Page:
Some Yahoo employees knew as far back as 2014 about a massive data breach that exposed the personal information of up to 500 million account holders, the company said Wednesday in a filing with the Securities and Exchange Commission.
The data breach occurred two years ago, but Yahoo didn't publicly disclose the incident until this September. The company said at the time that it believed a "state-sponsored actor" stole a host of data about half a billion people, including their names, email addresses, telephone numbers, dates of birth, hashed passwords, and security questions and answers.
Yahoo said in its most recent SEC filing that an independent committee is now investigating "the scope of knowledge within the company in 2014," among other issues related to the data breach.
The company also said that it believes the state-sponsored actor that stole the data also "created cookies that could have enabled such intruder to bypass the need for a password to access certain users’ accounts or account information."
Yahoo currently is facing 23 separate class-action complaints stemming from the data breach. Some of the early lawsuits highlighted the time lag between the theft and Yahoo's disclosure.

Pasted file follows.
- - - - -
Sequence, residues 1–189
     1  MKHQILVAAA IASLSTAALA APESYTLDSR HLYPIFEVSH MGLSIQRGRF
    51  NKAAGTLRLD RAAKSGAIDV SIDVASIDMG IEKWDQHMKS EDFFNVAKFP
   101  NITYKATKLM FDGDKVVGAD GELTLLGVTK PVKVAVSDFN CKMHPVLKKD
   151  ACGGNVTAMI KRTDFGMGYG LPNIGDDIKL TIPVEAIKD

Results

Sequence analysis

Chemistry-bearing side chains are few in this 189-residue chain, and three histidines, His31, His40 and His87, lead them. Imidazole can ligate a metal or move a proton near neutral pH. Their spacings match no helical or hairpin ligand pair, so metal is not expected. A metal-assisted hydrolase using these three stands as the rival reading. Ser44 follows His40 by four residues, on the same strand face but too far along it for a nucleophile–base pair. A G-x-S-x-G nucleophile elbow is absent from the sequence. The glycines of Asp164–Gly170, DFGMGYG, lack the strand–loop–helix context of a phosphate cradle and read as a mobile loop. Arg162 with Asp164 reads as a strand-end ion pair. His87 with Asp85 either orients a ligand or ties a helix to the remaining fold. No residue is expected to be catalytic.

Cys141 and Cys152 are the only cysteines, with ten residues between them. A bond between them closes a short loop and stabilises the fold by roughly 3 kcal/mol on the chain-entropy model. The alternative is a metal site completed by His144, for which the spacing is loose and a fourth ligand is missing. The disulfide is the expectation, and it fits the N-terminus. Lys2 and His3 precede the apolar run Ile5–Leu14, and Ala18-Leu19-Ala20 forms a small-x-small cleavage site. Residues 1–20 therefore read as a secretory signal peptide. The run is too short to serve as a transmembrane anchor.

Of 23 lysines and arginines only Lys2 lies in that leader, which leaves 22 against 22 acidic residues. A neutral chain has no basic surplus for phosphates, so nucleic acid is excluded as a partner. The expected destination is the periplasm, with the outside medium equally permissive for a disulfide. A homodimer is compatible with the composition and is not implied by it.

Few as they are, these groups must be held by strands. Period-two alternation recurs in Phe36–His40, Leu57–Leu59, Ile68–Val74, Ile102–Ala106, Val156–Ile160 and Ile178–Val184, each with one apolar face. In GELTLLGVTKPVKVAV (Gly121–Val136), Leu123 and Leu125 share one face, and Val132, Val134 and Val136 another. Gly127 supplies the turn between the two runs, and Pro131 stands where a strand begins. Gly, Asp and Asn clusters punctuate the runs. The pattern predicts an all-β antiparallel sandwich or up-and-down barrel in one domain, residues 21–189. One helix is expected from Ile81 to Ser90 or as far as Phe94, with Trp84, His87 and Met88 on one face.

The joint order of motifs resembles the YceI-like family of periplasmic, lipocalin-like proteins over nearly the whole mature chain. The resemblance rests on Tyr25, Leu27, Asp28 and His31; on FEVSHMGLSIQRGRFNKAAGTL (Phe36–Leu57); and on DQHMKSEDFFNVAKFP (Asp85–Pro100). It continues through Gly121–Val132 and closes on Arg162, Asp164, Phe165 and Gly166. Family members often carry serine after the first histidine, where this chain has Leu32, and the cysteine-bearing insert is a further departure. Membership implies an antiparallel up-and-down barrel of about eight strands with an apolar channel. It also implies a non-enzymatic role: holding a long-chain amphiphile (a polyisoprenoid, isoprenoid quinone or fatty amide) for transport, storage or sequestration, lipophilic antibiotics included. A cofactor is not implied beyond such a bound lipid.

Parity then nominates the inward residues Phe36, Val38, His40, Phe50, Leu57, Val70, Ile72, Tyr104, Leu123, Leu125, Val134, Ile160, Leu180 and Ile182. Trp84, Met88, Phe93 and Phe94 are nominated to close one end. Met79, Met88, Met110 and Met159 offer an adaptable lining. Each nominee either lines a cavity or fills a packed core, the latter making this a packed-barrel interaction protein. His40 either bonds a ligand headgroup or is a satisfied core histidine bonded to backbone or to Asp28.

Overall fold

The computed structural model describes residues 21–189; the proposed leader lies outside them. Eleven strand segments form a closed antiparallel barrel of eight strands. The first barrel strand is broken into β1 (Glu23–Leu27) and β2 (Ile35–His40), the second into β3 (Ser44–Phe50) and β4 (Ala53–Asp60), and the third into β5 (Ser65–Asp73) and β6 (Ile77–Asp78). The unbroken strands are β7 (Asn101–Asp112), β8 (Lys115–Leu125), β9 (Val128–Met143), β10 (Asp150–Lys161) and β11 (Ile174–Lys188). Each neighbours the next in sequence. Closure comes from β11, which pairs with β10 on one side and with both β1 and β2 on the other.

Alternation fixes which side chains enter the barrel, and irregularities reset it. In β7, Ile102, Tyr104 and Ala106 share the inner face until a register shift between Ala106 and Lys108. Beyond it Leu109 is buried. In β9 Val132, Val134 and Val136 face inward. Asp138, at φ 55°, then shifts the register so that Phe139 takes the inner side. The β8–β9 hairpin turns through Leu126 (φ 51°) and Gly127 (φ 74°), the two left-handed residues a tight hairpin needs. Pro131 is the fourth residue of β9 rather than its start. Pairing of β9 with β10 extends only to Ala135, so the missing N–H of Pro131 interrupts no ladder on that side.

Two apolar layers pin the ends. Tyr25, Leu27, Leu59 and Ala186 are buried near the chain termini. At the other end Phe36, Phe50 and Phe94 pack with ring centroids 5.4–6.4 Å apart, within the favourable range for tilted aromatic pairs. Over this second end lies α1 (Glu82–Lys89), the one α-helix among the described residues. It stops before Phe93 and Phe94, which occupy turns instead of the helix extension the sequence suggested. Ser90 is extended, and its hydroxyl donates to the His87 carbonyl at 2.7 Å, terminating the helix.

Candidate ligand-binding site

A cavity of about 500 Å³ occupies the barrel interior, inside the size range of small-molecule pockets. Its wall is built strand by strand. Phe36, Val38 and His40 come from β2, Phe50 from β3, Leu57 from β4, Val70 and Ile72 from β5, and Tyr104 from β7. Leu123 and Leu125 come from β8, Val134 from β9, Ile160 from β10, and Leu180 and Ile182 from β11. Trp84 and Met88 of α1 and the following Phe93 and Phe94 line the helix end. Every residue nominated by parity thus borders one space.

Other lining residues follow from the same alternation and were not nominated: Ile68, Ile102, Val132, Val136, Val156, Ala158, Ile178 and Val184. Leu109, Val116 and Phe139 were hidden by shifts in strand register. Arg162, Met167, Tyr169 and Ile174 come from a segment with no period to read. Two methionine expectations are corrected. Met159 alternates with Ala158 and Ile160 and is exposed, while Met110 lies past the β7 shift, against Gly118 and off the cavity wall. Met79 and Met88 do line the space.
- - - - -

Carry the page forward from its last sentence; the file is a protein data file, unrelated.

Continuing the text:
"Despite the fact that the attack took place in late 2014, Yahoo was so grossly negligent in securing its users’ personal information that it says that it did not even discover the incident until the summer of 2016," Ronald Schwartz, a Yahoo user who lives in New York, alleged in a September complaint filed in federal court in San Jose, California.
Yahoo said it can't yet estimate potential losses related to the lawsuits. "The investigation into the security incident is ongoing, the legal proceedings remain in the early stages, alleged damages have not been specified, there is uncertainty as to the likelihood of a class or classes being certified or the ultimate size of any class if certified, and there are significant factual and legal issues to be resolved," the company stated.